Chemotherapy for brain tumours

Chemotherapy is a drug treatment used to destroy cancer cells. It’s used to treat some brain tumours and can also be given if a tumour comes back.

The main chemotherapy drugs used are:

  • temozolomide (Temodal®)
  • lomustine, procarbazine or vincristine - on their own, or together.
  • carmustine.

You have some of these as tablets. Others are given by injection into a vein (intravenously) which the nurses give you in a chemotherapy day unit. After your session of chemotherapy is finished, you have rest period of a few weeks before you have chemotherapy again. The session and the rest period is is called a cycle of treatment. Your doctor or nurse will explain how you will have chemotherapy and how long it will last.

Another way of giving chemotherapy is by placing an implant containing a chemotherapy drug directly into the brain. As the implant dissolves the drug is released into the brain.

Some people have the chemotherapy drug temozolomide at the same time as radiotherapy. This causes more side effects so you need to be well enough to have it.

What is chemotherapy?

Chemotherapy uses anti-cancer (cytotoxic) drugs to destroy cancer cells. Cytotoxic means toxic to cells. These drugs affect the way cancer cells grow and divide, but they also affect normal cells.

Chemotherapy may be given:

  • with radiotherapy or on its own, to treat a high-grade (grade 4) glioma
  • if a brain tumour comes back after surgery and radiotherapy
  • after surgery instead of radiotherapy, if a low-grade glioma has not been completely removed.

Chemotherapy may be the main treatment for a lymphoma that starts in the brain, called a CNS lymphoma.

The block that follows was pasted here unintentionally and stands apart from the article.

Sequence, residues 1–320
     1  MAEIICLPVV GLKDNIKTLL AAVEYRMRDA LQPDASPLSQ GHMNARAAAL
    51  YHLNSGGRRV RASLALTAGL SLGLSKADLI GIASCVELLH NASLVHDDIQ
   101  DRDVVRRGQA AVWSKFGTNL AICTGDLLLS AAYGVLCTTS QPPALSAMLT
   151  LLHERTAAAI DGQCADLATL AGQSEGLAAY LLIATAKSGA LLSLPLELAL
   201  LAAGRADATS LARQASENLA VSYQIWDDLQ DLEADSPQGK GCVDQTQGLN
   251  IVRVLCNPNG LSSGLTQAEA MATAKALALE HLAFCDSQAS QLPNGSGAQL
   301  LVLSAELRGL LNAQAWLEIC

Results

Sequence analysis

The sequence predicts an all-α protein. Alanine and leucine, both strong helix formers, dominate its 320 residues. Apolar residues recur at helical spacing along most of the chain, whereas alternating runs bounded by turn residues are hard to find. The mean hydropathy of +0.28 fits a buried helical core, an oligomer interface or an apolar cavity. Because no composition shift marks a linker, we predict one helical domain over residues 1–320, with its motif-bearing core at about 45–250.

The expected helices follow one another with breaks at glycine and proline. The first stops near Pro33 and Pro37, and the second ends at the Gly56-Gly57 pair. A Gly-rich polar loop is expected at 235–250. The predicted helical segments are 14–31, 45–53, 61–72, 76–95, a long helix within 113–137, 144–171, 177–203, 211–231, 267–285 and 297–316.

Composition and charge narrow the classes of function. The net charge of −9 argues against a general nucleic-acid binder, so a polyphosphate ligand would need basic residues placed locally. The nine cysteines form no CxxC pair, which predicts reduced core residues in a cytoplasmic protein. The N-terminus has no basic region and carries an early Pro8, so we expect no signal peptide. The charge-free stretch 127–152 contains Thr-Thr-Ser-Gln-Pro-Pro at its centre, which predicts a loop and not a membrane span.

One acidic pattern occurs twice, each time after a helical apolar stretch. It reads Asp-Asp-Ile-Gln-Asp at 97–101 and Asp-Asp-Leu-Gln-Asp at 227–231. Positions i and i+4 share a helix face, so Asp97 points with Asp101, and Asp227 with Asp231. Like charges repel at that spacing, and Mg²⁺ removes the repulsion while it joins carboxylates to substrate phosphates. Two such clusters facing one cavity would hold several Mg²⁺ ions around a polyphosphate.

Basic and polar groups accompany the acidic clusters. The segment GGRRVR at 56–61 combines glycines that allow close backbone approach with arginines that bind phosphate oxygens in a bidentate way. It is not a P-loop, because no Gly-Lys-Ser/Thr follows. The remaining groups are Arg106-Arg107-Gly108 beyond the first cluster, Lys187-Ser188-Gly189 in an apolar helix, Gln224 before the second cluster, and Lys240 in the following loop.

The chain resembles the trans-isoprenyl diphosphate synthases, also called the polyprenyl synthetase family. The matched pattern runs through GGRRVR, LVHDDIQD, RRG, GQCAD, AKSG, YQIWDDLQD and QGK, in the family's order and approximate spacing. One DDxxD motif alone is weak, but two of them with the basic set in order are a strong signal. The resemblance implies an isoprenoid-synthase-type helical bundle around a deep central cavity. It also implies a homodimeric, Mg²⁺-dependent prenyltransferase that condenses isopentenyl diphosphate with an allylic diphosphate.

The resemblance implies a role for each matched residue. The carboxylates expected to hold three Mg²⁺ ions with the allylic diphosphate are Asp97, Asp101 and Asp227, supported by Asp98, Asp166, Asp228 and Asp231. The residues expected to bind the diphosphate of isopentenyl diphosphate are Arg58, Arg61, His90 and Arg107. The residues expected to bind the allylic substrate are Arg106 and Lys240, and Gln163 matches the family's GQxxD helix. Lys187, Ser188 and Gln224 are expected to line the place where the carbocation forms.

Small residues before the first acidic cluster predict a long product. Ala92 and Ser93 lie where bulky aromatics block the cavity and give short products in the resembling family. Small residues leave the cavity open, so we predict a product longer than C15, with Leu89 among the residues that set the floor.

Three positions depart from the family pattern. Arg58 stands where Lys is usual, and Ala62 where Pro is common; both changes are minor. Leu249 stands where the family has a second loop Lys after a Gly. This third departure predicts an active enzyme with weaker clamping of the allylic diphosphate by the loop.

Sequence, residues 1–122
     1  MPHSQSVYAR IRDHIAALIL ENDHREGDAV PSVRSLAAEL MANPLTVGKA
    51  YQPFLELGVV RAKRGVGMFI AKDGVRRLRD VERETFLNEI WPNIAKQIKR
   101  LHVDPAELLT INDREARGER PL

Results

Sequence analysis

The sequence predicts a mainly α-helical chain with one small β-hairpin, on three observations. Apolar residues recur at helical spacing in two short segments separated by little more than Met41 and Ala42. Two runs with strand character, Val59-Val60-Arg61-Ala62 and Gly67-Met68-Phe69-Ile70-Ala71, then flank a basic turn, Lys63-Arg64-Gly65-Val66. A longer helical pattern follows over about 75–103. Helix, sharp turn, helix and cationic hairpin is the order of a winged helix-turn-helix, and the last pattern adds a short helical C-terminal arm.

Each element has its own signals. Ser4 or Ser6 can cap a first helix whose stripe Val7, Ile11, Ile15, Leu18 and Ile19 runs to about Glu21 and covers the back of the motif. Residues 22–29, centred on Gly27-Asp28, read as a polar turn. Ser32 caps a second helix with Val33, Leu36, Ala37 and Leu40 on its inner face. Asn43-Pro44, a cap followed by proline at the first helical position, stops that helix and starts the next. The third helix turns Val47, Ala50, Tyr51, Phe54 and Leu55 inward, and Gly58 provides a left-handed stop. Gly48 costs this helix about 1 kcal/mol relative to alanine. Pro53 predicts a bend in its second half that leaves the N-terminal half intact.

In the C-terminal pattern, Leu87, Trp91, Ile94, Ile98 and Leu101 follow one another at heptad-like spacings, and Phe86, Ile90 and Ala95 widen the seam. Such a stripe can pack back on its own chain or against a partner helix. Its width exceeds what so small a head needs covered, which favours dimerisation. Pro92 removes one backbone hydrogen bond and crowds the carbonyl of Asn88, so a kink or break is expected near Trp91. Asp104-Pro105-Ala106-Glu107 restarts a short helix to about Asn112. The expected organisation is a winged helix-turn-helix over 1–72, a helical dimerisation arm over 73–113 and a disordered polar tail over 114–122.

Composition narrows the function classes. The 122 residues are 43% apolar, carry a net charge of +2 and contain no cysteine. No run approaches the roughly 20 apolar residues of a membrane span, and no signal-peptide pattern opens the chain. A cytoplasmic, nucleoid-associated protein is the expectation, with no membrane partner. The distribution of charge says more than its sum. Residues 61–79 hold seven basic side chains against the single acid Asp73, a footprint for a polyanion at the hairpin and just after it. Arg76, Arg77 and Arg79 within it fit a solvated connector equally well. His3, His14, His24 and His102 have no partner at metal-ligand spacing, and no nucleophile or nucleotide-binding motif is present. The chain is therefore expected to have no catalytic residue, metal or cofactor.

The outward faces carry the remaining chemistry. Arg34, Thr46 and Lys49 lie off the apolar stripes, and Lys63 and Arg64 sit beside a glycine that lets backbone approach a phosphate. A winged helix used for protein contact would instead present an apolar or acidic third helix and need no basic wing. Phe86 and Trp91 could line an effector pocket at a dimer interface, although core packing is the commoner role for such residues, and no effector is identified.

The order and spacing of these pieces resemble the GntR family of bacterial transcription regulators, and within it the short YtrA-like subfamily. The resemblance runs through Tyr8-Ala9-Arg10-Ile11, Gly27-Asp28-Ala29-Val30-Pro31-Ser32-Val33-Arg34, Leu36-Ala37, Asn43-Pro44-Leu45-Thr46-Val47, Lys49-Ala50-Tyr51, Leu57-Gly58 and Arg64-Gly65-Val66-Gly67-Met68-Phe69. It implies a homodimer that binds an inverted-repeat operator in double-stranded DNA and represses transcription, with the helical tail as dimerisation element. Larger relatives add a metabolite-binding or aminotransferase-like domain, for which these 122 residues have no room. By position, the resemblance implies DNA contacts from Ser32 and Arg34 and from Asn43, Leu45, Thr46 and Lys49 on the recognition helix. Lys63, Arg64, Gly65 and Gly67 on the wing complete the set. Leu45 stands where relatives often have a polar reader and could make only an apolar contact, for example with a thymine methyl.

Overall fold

We have more information about CNS lymphomas. We also have information about chemotherapy, different chemotherapy drugs and their particular side effects.

The drugs given

There are many different chemotherapy drugs but not all of them can be used to treat brain tumours. Doctors use drugs that are able to pass through the brain’s natural protection (called the blood-brain barrier) into the brain and spinal cord.

The main drugs used to treat primary brain tumours are:

There are different ways of giving chemotherapy for brain tumours. The drugs temozolomide, lomustine and procarbazine are taken as tablets. Vincristine and carmustine are liquids that are given into a vein (intravenously).

To have intravenous chemotherapy, you will need to go to a chemotherapy day unit. A nurse will give it to you as one or more sessions of treatment. You will then have a rest period of a few weeks. The chemotherapy session and the rest period is called a cycle of treatment. The length of a cycle depends on the chemotherapy drugs you’re taking. Most cycles are 4–6 weeks long. Your doctor or nurse will explain more about this. Most courses of chemotherapy are six cycles.

Chemotherapy given along with radiotherapy

If you have a newly diagnosed high-grade glioma, you may be treated with temozolomide and radiotherapy together. This is called a combined treatment. You will need to take temozolomide every day during your course of radiotherapy, which usually lasts for six weeks.

Combined treatment causes more side effects so you need to be physically well enough to cope with it. You also have more risk of getting a chest infection. To reduce the chance of this happening, your cancer doctor will prescribe antibiotics for you to take.

When you’ve finished the combined treatment, you will have a break from treatment. You then start taking temozolomide for five days every four weeks, for six cycles.

Chemotherapy implants

Chemotherapy can be given directly into the brain. A surgeon puts something called a Gliadel® implant or wafer into the brain. The implant contains the chemotherapy drug carmustine. This is sometimes done in people with a newly diagnosed high-grade glioma during surgery. The wafers dissolve over 2–3 weeks and the drug is slowly released into the brain. You may be given a course of radiotherapy treatment as well.

The chemotherapy drug can cause some side effects and having the implant may increase the possible complications of surgery. Although only a very small amount of the chemotherapy gets into your blood, it can make you more likely to get an infection.

We're still working to get some of our information ready for our new site, so in the meantime you can see more information about Gliadel® implants on our current site.

Back to Chemotherapy explained

How do chemotherapy drugs work?

Chemotherapy drugs work by stopping cancer cells reproducing. The drugs can also affect healthy cells, causing side effects.